Guerrilla marketing tactics?

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Guerrilla marketing is a low-budget, attention-grabbing promotional tactic that often involves unconventional methods such as publicity stunts, shocking displays, and costumed performers. It appeals to startups lacking advertising budgets and relies on in-depth analysis of target consumer demographics. The goal is to create buzz and word-of-mouth marketing. The concept was coined by Jay Conrad Levinson in the 1970s, and it is not meant to be spam or illegal invasion.

Guerrilla marketing tactics are concrete, usually low-budget promotions and concepts designed to draw attention to a product or company. Seldom using the more expensive conduits of television and radio, many guerrilla marketing campaigns are communicated to their target audience at street level. Guerrilla marketing tactics are often shocking, funny and controversial at the same time, as in the hypothetical example of a new beer company called Bottoms Up Brewers advertising its name, graphics and logo on the back of bikinis worn by a group of attractive women.

Appealing to the desires and emotions of the target audience is a key concept of this type of marketing. It is through in-depth analysis of the target consumer demographic that guerrilla marketing strategies tend to be created. Since guerrilla marketing tactics often need to have little or no budget, providing consumers with targeted information that addresses their needs as traditional advertising tends to do is not the goal. Planning and executing an imaginative and memorable publicity stunt to start building brand recognition and getting people talking is the main goal of most guerrilla campaigns. Word of mouth and buzz marketing are other names often given to these types of campaign implementations.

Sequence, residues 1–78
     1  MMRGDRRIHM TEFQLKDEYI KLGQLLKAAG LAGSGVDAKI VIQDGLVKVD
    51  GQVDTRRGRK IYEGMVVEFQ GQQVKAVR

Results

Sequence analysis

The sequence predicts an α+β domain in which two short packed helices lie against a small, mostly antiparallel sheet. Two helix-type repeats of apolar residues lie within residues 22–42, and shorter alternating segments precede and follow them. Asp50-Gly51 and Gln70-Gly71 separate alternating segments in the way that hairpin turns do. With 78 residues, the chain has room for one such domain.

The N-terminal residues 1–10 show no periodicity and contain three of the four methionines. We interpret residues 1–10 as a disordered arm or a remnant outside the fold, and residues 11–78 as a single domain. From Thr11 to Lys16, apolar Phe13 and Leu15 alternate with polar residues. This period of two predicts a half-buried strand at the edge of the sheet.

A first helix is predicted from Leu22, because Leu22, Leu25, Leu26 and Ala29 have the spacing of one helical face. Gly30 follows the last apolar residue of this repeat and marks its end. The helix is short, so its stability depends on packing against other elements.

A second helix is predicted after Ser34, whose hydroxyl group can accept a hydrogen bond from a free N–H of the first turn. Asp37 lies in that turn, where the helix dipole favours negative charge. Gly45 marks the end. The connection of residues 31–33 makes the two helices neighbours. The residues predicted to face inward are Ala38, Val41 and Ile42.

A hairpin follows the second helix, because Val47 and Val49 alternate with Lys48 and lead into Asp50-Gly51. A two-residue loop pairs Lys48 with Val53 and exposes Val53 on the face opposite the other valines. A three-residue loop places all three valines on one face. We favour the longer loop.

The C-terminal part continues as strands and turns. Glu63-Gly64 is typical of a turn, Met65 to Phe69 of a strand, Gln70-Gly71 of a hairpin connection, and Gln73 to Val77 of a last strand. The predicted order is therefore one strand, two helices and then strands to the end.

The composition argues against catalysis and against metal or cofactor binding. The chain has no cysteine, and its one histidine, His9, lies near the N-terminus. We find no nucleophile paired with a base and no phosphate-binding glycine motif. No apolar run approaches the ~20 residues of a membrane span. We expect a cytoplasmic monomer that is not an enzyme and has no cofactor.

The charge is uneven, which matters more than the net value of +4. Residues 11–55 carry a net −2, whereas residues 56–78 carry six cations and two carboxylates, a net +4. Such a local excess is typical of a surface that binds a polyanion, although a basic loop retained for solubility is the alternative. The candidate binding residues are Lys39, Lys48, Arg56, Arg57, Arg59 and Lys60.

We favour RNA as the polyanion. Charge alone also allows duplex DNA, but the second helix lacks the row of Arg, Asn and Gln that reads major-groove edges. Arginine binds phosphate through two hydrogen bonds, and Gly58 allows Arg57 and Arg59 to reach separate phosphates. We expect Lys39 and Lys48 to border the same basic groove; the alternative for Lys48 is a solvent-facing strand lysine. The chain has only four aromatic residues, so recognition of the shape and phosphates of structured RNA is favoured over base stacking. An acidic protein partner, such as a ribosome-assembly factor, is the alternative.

Like guerrilla warfare where offbeat tactics are used to surprise opponents, the form of marketing that goes by the same name strives to surprise in the way it aggressively engages with its target consumers. Guerrilla marketing tactics often involve dramatic publicity stunts, shocking window displays, or costumed buskers. The cost is minimal because students can be paid minimally to participate or the owners of a guerrilla agency can do the stunts themselves.

Such guerrilla marketing tactics were first noticed in the 1970s. The term Guerrilla Marketing was coined by Jay Conrad Levinson in his book of the same name. The book outlines several techniques for generating free publicity and sales. The types of shocking public displays and attention-grabbing tactics in the book appeal to many startups that often lack an advertising budget. While this form of promotional strategy relies on unconventional methods of gaining attention that are often controversial, its original concept is not one of spamming or otherwise illegally invading.

An example of one of many possible Internet guerrilla marketing tactics is to have brightly colored business cards or flyers delivered inexpensively by students to homes in many different cities, then checking by phone to make sure deliveries are likely have been carried out. Follow-up calls can also further engage the target consumer by awarding this small number of people a free T-shirt or other inexpensive promotional prize when they access the promoted website. The target audience of a guerrilla marketing tactic should always feel “in” about the promotion, rather than like something is being pushed on them.

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